✓Low-carb ✓Gluten-free ✓Lactose-free (Using ghee – clarified butter)
There is nothing more English than mutton. (Er, except the name – ‘Mutton’ is French. C’est la vie!) Mutton has fallen out of favour over the last half century with a swing in the preference for lamb. People think of it as a tough meat but the trick is (1) to cook it low and long so that the fibres break down and (2) keep it covered and moist. This guarantees the end result will be succulent and tasty. By cooking it on the bone you retain all of nutrients from the connective tissue and marrow as well as gaining some of the minerals from the bone itself.
The mutton I cooked above was a 2.2 kg (4.8 lb) shoulder on the bone, which came from a 5-year-old ewe at the end of her reproductive life – a wonderful use of an old animal. Very ecological. Despite the fact that it was organic it came in at just under £8 per kilo – a bargain price for top quality meat!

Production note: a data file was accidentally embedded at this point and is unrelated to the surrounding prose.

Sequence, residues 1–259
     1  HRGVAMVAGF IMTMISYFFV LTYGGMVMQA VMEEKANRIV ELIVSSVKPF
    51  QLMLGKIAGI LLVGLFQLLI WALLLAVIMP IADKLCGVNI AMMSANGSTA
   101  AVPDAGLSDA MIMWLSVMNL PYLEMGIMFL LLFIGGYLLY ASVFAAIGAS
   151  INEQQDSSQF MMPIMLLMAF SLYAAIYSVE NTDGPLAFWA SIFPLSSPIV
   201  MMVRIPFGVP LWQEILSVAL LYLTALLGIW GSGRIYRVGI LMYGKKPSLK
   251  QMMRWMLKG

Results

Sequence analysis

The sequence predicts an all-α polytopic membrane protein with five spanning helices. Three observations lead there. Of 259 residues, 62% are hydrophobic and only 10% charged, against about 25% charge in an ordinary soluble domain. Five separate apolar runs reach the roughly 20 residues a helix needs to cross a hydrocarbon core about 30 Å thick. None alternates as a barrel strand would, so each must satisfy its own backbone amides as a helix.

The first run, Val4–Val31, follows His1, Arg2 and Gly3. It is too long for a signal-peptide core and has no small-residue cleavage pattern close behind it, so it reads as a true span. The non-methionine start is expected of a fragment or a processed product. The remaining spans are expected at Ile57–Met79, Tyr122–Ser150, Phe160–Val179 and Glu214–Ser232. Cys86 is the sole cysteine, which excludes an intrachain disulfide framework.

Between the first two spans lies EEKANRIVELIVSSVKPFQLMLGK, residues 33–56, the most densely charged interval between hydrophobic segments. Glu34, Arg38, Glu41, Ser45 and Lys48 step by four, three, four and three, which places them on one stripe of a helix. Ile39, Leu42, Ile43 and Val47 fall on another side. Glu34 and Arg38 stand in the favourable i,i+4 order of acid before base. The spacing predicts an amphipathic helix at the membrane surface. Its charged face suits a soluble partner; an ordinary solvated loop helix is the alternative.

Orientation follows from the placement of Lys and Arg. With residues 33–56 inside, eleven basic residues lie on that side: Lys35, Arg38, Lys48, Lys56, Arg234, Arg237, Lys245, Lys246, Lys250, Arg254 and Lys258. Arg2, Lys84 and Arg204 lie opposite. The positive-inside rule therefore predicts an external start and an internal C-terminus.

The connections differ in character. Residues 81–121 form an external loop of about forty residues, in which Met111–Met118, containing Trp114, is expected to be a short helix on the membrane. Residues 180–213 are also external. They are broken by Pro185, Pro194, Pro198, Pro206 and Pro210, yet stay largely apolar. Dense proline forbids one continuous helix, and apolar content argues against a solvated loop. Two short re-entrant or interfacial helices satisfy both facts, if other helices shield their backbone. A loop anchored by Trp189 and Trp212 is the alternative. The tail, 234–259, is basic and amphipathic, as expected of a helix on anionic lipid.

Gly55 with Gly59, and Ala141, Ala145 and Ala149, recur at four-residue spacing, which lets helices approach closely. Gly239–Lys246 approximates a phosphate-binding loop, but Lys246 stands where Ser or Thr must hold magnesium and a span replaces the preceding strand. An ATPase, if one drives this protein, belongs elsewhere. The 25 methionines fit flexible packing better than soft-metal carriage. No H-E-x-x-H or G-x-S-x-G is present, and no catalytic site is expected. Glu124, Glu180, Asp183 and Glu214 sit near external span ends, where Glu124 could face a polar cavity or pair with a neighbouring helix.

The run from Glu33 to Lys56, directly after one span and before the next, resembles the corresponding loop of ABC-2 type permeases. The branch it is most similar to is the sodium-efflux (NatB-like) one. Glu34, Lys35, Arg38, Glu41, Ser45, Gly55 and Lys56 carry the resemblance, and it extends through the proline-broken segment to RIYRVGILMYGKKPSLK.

Pot Roast Mutton (Serves 8)
2.0 – 2.5 kg (4 – 5 lb) shoulder of mutton, on the bone (available online here >)
3 large onions
3 sticks of celery
Large knob of home-made ghee (or butter)
Large spoonful of home rendered lard
1/3 bottle organic red wine
3 tbsp bone broth (or other stock)
Salt and pepper
Chop the vegetables into large pieces then fry in the fat in a large cast iron casserole dish (Le Creuset or similar) on the hob. Thoroughly season the meat with salt and pepper (possibly add rosemary to taste). Place the meat in the dish on top of the frying vegetables. Mix the wine and bone broth and pour all over the joint. Cover with well-fitting lid and transfer to a pre-heated oven at 150 C for 4 hours. Basting every hour or so will help it remain evenly moist.
Serve with seasonal vegetables. For an authentic English dish this could include roast potatoes, parsnips (both high carb so don’t over-do these!) or leeks , boiled cabbage, cauliflower, broccoli, fried green peppers or courgette.